Yes, cancer is considered a long-term disability.
Like other long-term disabilities, you must show proof of a condition or symptoms that qualify you for long-term disability benefits from your insurance company.
Cancer is one of the most devastating diagnoses that you can possibly receive. Often both cancer and the subsequent treatment can make working impossible.
Yet bills still have to get paid, and that means you may need to make a long-term disability claim and apply either for private insurance benefits or for public disability payments.
Many Canadians receive LTD insurance through their employers and will be dealing with that company to try to get their needs met as they navigate a dizzying array of doctors and treatments.
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What is a Long-term Disability in Canada?
A long-term disability is any illness or injury that prevents you from performing work for at least 17 weeks. For the first 24 weeks, this will be defined as an inability to work your own occupation: that is, the job you held prior to your cancer diagnosis. After 24 months you’ll need to prove that you can’t work any occupation in order to continue receiving benefits from most insurers.
For some patients, two years will be more than enough to cover a treatment and remission period. Others may need more time.
Most people who apply for LTD benefits for cancer have at least Stage 2 cancer. Stage 1 cancer can usually be removed quickly through surgical means.
Long-term Disability Eligibility Requirements
Two criteria must be met in order to qualify for group disability benefits:
- Can you carry out your regular job responsibilities?
- Are you then capable of performing any work, given your abilities and experience, after two years?
Due to the second reason, Canadians are regularly buying their own private disability insurance coverage to replace their increasingly limited and insufficient group benefits.
Cancer Symptoms that Interfere with Work
Cancer comes with a plethora of symptoms that can make work insurmountable. These include:
- Sleep disturbances
- Mobility issues
- Difficulty breathing
- Nausea and vomiting
- Loss of appetite
- Bleeding problems
- Visual impairment
- Hearing impairment
- Cognitive difficulties
- Depression and anxiety
In addition, chemotherapy can come with a host of side effects that can make work impossible:
- Difficulty swallowing
- Peripheral neuropathy
- Rapid weight loss
- Difficulty with concentration and focus
While these symptoms can differ in presentation and severity, some patients simply have no choice but to claim disability benefits.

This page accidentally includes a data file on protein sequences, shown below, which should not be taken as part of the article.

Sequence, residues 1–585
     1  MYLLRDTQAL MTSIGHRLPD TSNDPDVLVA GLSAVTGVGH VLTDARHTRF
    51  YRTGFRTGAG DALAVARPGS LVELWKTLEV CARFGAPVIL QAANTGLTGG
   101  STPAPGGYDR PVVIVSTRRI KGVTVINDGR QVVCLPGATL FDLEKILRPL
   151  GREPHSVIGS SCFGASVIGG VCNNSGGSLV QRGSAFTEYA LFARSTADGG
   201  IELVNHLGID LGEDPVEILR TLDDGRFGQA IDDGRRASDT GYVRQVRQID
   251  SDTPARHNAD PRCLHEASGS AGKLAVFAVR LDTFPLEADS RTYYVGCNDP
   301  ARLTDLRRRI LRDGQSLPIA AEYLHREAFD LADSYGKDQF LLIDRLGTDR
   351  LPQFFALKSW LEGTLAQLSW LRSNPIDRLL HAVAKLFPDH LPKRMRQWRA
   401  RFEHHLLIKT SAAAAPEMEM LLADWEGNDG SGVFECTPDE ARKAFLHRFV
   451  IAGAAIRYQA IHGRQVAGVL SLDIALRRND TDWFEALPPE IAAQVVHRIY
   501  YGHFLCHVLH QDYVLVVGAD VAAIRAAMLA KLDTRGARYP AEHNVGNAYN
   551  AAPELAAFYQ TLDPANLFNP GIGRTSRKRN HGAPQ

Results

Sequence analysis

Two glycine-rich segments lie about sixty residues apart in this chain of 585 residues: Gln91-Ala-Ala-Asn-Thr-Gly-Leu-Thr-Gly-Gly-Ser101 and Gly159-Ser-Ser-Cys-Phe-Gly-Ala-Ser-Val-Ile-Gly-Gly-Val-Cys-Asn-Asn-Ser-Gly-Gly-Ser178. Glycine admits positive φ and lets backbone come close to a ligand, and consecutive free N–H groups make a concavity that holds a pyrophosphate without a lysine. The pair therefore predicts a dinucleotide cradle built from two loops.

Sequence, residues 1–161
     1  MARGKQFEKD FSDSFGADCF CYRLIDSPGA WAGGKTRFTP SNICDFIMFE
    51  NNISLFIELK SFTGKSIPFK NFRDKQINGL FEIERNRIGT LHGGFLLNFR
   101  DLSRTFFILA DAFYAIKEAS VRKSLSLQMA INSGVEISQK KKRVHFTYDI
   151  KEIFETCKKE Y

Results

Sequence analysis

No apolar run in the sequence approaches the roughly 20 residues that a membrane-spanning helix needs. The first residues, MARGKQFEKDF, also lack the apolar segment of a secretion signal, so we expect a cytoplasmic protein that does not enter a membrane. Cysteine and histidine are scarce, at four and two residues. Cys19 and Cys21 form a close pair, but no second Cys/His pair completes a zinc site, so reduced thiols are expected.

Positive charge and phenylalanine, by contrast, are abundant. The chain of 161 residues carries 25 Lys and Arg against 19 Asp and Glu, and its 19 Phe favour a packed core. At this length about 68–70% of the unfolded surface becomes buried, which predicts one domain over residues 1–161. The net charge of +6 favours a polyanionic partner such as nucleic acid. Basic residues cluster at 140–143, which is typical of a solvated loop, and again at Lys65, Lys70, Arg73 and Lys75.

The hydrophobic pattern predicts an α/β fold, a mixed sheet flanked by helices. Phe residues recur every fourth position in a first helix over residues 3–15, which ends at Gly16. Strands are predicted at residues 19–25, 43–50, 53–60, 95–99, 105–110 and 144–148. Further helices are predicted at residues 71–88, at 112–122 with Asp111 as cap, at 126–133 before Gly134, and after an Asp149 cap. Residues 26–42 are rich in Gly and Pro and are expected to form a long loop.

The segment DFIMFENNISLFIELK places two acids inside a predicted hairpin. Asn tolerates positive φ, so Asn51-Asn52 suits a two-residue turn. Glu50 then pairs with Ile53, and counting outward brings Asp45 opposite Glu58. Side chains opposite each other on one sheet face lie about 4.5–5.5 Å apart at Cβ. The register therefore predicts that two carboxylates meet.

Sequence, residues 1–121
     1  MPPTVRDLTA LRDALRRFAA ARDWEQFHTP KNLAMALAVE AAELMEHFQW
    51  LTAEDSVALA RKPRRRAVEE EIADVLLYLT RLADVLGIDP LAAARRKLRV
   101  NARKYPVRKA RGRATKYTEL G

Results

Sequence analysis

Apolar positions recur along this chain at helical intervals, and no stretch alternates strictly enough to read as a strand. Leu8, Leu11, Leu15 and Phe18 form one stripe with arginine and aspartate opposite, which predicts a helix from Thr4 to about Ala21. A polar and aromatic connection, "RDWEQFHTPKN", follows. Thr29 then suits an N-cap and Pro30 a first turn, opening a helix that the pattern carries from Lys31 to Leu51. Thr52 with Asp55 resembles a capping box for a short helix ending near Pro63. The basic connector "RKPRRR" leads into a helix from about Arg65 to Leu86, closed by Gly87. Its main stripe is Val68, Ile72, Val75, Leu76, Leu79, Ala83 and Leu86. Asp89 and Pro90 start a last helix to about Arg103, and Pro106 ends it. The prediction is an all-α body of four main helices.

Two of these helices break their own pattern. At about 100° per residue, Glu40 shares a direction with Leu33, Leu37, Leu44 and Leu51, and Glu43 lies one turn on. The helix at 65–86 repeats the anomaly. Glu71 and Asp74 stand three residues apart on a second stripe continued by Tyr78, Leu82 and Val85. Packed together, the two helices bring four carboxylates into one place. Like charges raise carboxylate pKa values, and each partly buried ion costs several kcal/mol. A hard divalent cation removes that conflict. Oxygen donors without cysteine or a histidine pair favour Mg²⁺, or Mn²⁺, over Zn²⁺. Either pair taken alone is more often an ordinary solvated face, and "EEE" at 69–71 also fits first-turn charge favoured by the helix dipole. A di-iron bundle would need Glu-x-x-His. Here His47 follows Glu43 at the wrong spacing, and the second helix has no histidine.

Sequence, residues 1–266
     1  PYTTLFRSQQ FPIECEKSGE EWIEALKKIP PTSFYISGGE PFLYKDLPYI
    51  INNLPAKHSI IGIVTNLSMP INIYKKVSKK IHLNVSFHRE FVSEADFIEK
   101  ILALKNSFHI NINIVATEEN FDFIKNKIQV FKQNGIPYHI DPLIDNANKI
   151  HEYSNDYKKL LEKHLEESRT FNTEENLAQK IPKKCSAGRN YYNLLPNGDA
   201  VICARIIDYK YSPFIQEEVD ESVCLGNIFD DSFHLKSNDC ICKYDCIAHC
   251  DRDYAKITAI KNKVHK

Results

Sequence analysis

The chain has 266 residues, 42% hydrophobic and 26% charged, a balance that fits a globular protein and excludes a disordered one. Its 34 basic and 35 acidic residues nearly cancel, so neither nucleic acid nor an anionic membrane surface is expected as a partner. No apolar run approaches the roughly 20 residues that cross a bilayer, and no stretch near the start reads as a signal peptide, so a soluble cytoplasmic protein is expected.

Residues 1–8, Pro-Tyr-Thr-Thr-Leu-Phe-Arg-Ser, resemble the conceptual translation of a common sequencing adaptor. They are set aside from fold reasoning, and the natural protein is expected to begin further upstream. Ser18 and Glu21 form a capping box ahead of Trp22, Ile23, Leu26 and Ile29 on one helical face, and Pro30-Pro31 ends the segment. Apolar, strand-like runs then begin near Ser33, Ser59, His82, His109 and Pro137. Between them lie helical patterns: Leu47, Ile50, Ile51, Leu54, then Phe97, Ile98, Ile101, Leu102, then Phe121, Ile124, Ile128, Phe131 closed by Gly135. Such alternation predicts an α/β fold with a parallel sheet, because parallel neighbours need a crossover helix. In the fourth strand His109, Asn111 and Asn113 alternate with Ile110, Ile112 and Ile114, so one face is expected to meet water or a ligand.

Public Benefits Available to Cancer Patients
Your private insurance company might not be as quick to pay as you might want, and you may even struggle to get them to pay you at all (see below).
In the meantime, there are some public programs you can take advantage of.
For example, you can use Employment Insurance sick benefits for up to 15 weeks if you are unable to work as a result of your illness.
You can also apply for the Canada Pension Plan Long-term Disability Benefit if you have made sufficient contributions to the plan and can show that your cancer prevents you from doing “substantially gainful work,” which is defined as any work which pays at least $17,000 per year. These benefits will pay between $510.85 and $1,414 per month until you can work again or until you reach the age of 65 when regular CPP benefits kick in.
Cancer may also allow you to take advantage of AISH, the provincial disability benefits program. This is a means-tested program and it will require you to apply for all other benefits that might apply to you before payments will be made.
When do You Need an LTD Lawyer to Handle Your Claim?
You did everything you were supposed to do. You bought a disability policy that should cover you. Yet as soon as you make your claim the insurance company turns on you. They claim pre-existing conditions. They claim you can work, even when you find work to be impossible. You think a diagnosis of cancer should be enough: in truth it rarely is.
Sometimes insurers deny benefits outright. Sometimes they suddenly cut off benefits, abruptly and without warning, even while you’re still undergoing chemotherapy treatments.
You can alleviate some of these problems yourself by providing documentation of your medical tests and treatments. You’ll also need to document the symptoms that are having a negative impact on your life.
If you do everything right and get denied anyway, reaching out to an LTD lawyer is your best call. Don’t go through the appeal process without one, as you are unlikely to receive benefits if you do.
Get Help with Your Cancer Claim Today.
Sometimes getting help from a long-term disability lawyer is the only way to make insurance companies do the right thing.
Most members of our Red Deer legal team have over 20 years of experience handling disability claims just like yours. This experience increases your chances of getting the benefits you need to pay your bills while you battle this terrible disease.
We’re responsive and caring lawyers with a long track record of winning cases. We’re known for being some of Alberta’s toughest negotiators and savviest litigators.
Don’t struggle through your disability claim on your own. We do the heavy lifting so you can focus on getting well. Call (403) 269-7777 to schedule a case evaluation today.